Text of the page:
These words make me happy.
via French By Design
Enjoy a lovely weekend!
Today I’m spotlighting award-winning Japanese artist Kasuyo Aoki with a few pieces from her Predictive Dream series.
The porcelain pieces have an ethereal, sinuous-ocean quality, don’t they? Not to mention some of the skull-inspired shapes. I love how easy it is to get lost in the movement created by the swirls of porcelain.
Happy White Wednesday, everyone!
All images courtesy of Kasuyo Aoki.
Last fall I featured some artwork that I spotted at ‘wichcraft in NYC. Since then a few people have asked me about the artist but unfortunately I had no idea who painted this very cool extra large muffin tin…
Park Ave. muffin tin, Steve Ellis
But I do now!
After a bit of investigative work (i.e., a few emails sent to ‘wichcraft) I learned that all the artwork in ‘wichcraft locations is by NYC-based artist and art instructor Steve Ellis. The series, entitled Tools of the Craft was commissioned by ‘wichcraft in 2006. Some of Mr. Ellis’ prints are available for purchase here (prices range from $150-$800).
Astor Place Percolator, Steve Ellis
Union Sq Espresso Machine, Steve Ellis
Chrystler Meat Slicer, Steve Ellis
Record Player, Steve Ellis
for MOMA Store, Steve Ellis
Images courtesy of Steve Ellis.
Many thanks to Lauren P. at ‘wichcraft for helping me out.
This week I had the most exciting time meeting and getting to know one of Canada’s foremost window dressers, Philip Minaker. Having created hundreds of major storefront windows during more than 25 years as a style director for many iconic Canadian and international retailers in Toronto and his home town of Winnipeg, Philip is a fascinating individual unlike any other.
His boundless creativity and problem-solving know-how are only surpassed by his sweet and fun personality. Philip is a fashion force and he’s put on countless runway shows and deconstructed trends working for various styling and retail roles at The Bay, BCBG, Lipton’s, Eaton’s, Mondi, Parachute, and the list goes on and on.
He is known for his stunning sales-boosting windows and his ‘let me show you’ philosophy about sharing his fashion knowledge. His windows are known to increase sales; a job well done, then. Look for his work coming up at Toronto’s downtown Josephson’s in the next few weeks- he told me that he’s currently fabricating the set pieces for the fall windows.
Beyond having a keen eye for styling, trends and balance, Philip is an incredibly talented artist and he creates much of what you see in his displays. Today’s French doors featured below are an example of his incredibly simple take on getting what you need: make it yourself.
When I met Philip on the weekend during his first of two moving sales, he invited me in his home where he has these gorgeous antique French doors behind a bed (those aren’t for sale, though, sorry! but just DIY for these and drop in on Philip’s second sale for other very cool stuff).
These gorgeous French doors are not real; they’re two large format prints of doors that are glued to large pieces of foam. The antique look is truly outstanding and the quality of the print here is just right, working in favour of achieving that natural aged look that the doors have.
The best part about all this is that they weigh nothing! They’re made of foam! You know, the inch-and-a-half rectangle sheets of white foam from the craft store. So simple. Philip told me that he cut the print and foam in the curved shape at the top and he has another piece that creates an archway to really bring it all together. I think they are spectacular just like this.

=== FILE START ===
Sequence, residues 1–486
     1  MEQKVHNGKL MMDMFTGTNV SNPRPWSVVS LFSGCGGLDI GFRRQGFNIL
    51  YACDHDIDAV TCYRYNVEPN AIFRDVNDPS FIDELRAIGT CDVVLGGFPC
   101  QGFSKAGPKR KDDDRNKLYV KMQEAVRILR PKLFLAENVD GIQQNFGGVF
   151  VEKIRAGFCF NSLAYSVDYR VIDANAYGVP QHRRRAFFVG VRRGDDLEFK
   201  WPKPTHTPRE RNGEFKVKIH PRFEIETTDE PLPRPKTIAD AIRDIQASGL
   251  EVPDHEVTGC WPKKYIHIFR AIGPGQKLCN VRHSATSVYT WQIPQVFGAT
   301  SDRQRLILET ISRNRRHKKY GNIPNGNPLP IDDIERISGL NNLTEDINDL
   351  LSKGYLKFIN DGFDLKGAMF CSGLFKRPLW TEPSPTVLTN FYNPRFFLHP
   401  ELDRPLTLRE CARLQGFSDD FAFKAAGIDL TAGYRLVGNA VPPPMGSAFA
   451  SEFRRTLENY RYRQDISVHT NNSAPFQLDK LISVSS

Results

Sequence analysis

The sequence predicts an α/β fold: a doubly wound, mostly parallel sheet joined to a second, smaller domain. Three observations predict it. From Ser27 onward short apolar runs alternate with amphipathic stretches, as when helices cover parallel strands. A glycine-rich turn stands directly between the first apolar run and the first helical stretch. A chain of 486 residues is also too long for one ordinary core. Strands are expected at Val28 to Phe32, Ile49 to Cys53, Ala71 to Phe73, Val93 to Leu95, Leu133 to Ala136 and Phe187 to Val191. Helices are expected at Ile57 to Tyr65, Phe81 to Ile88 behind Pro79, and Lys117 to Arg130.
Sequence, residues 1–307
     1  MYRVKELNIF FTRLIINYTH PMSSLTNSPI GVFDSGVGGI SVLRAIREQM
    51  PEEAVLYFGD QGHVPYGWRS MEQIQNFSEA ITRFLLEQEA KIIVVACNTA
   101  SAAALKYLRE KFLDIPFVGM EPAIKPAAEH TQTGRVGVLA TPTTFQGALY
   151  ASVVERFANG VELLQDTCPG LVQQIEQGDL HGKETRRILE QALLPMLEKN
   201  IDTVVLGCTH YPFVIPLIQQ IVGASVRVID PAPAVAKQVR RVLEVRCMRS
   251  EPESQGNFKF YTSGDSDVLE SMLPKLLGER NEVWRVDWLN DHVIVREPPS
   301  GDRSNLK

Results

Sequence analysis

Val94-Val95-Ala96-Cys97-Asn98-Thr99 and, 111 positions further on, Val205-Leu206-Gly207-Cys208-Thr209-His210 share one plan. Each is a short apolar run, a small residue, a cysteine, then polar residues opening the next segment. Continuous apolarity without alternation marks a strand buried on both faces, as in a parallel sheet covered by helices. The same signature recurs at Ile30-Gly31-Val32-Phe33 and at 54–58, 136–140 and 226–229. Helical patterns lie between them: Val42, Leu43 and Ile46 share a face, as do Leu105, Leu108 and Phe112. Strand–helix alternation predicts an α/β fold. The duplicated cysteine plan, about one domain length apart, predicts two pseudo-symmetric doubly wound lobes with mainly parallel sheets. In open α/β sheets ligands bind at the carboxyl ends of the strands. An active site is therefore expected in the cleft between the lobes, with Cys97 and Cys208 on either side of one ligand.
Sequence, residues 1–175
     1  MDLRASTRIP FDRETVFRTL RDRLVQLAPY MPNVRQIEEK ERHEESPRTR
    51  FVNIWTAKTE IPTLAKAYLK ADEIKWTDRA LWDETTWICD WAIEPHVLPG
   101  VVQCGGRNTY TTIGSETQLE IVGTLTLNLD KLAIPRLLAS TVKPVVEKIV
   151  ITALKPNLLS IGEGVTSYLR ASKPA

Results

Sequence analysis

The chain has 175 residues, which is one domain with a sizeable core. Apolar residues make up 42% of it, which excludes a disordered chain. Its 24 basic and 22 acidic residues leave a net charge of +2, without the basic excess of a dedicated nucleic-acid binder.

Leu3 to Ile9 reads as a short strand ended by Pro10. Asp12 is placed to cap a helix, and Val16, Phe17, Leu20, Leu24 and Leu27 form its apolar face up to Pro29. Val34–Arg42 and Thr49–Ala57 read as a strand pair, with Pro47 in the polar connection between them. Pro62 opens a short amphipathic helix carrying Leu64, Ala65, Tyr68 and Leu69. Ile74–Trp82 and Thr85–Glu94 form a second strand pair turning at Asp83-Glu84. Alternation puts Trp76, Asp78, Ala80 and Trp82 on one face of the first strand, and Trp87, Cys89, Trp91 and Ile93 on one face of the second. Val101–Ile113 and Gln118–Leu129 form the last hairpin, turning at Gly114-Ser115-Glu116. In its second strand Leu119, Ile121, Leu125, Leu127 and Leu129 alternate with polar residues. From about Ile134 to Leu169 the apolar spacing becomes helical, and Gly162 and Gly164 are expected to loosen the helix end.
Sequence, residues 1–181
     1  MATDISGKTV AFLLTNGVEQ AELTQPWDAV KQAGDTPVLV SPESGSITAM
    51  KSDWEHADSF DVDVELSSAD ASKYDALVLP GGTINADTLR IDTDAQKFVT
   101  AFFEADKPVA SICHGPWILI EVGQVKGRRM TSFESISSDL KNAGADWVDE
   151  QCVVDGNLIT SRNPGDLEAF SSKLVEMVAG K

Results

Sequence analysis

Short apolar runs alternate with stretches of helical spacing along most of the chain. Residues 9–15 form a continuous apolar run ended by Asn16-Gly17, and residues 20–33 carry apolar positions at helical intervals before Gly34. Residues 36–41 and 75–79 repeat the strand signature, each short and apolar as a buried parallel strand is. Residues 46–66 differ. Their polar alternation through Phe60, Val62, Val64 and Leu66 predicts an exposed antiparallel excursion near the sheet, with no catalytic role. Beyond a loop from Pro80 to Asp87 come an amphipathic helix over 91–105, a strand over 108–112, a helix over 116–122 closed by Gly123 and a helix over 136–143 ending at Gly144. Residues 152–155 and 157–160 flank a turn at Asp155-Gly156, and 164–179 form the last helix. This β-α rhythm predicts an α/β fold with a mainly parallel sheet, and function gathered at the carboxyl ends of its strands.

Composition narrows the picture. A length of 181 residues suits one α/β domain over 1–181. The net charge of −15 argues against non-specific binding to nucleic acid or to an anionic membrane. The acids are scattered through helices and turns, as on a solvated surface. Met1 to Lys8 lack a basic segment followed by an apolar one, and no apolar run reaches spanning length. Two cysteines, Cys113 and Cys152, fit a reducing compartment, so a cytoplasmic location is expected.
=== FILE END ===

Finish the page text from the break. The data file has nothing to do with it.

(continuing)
Images courtesy of me via Philip Minaker
You’ll want to be there for Philip’s second moving sale in a few weeks, September 13-16: he is parting with some of his window dressing treasures including props, decorative urns, industrial art, art hangings and artist canvasses, art that he has created, beautiful vintage mannequins, and so much more.
You’ll love meeting Philip- just drop in to say hi and check out all the fascinating pieces of his career that he’s selling to new good homes, and meanwhile take a look at his moving sale ad on Kijiji– lots more pics there to see what he’s got on the floor (including Herman Miller La Fonda chairs…).
If you can’t make it to South Africa…
photos by Mathilde
photos by Corie & Jeff
but crave a South African vibe in your living space…
then West Elm’s recent collaboration with South African designers and artisans might be just for you! The collection of ceramics, textiles, furniture and home accessories has been growing in popularity since it hit the marketplace just a little while ago. Some of my favourite pieces are white (duh!) and they are simple, structural and functional.
Mick Haigh oversize serving bowl, $63.09
Ceramic Matters candleholder, $63.09
Anthony Shapiro pillar candleholders, $84.48-$105.87
Source dining chair, $212.81
Pedersen + Lennard hooks, $12.81
Note: All prices are in Canadian dollars. Some items are not available for international shipping.
Many thanks to Mathilde, Corie and Jeff for allowing me to use their photos from their trips to South Africa.
Take a closer look…this is not your average chandelier.
A Noiva (The Bride) by Joana Vasconcelos, via Le CentQuatre
At first glance, this is just a gigantic (as in 5m high) chandelier. But with a closer inspection, you’ll discover that this sculpture by Portuguese artist Joana Vasconcelos is actually made up of tampons. Yes, tampons. Over 14,000 of them!
Many thanks to CC for sending this my way.
Chicago-based Studio TwentySix2 combines painting, printmaking and graphic design to offer an exciting and innovative mix of designs and prints in a variety of mediums. Here are just two examples of the work to come out of this studio.